Griffith Review 33

Griffith Review 33

Julianne Schultz (Ed.), Griffith University

As editor Julianne Schultz points out in her introduction, storytelling is undergoing a revolution: “Never before in human history has so much been known about so many by so many.” Welcome to the social media revolution where the detail of our lives — personal and often staggeringly trivial — is shared at an unprecedented rate.

This latest issue of Griffith Review is all about sharing stories, albeit far more substantial stories than the average entry on Facebook or Twitter. There is the almost painful memoir of Rebecca Epstein as she shares her experience of living with being bipolar ¾ her struggle between functioning in society and maintaining enough creative energy to write.

Carrie Tiffany shares her experience of living with tachycardia, undergoing surgery in the hope of a cure then managing her health after a complication arises. This is alongside having saved someone’s life after a heart attack.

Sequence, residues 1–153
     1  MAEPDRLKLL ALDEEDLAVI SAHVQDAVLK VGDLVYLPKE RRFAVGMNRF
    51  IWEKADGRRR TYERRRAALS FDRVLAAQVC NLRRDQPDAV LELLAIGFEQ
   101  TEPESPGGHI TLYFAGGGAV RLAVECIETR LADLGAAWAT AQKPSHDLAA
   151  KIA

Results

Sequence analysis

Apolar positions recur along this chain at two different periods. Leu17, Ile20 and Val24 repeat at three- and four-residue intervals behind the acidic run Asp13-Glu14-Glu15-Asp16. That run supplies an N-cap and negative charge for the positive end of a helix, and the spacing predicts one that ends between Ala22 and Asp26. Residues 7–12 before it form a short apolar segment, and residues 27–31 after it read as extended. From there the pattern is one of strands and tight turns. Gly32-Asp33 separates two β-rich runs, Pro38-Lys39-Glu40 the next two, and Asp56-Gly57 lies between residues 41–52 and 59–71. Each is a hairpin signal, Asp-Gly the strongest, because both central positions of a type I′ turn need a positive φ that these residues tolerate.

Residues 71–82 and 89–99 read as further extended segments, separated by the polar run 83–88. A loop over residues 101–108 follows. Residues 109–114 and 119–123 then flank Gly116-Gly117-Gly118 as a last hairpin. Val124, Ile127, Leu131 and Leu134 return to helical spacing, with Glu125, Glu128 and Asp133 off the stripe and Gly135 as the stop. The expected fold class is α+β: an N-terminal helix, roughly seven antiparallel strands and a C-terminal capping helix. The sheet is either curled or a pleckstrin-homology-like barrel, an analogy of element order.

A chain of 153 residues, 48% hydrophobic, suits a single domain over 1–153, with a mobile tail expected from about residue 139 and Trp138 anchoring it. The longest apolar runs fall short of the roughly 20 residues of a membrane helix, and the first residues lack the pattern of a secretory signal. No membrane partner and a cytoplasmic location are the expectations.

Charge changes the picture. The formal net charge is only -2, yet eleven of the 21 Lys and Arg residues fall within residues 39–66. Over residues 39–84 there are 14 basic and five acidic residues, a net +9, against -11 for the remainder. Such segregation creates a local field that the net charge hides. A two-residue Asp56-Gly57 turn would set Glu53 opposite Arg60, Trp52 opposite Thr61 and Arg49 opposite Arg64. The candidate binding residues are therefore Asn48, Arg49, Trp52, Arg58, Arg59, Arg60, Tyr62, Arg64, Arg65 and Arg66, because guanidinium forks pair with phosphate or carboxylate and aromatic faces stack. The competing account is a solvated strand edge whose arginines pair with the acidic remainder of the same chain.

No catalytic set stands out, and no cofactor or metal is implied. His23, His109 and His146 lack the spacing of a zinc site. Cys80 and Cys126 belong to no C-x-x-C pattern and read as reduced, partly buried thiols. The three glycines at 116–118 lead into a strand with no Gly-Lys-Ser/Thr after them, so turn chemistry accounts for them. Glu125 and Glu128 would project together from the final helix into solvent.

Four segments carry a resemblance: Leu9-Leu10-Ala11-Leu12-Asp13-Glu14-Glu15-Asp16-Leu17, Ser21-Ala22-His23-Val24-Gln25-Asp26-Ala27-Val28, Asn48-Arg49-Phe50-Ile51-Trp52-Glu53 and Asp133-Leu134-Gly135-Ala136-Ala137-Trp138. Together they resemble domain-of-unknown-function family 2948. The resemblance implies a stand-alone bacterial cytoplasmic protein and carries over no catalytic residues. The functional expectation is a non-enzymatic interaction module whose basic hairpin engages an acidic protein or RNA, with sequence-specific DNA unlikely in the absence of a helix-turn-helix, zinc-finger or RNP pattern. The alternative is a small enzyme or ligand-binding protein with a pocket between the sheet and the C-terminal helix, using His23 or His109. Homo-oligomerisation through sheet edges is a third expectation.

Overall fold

Carolijn Visser’s moving memoir of the bride who’s wedding photo hangs in a synagogue built by Russian Jews in Shanghai; one who escaped Nazi Germany and ended up living in Bondi.

Also moving is the quite intimate glimpse of a son’s reshaped relationship with his father in Brian Geach’s Denzil.

I loved Kate Holden’s exploration of the ethics involved in the genre of memoir. Having made a name for herself through her memoir In My Skin, she now wonders if she has “cannibalised her life”, something that should sound a warning to those who bare themselves, literally and figuratively, on social media.

And Frank Moorhouse explores the complex notion of privacy in our society, something he refers to tellingly as “a cascade of complexity”.

There is much to enjoy and ponder on yet another excellent edition of Griffith Review, and there’s something for everyone. In addition to memoir and essays there is poetry, reportage and a poignant photo gallery that shows what it’s like to lose someone we love.

Karyl Davison


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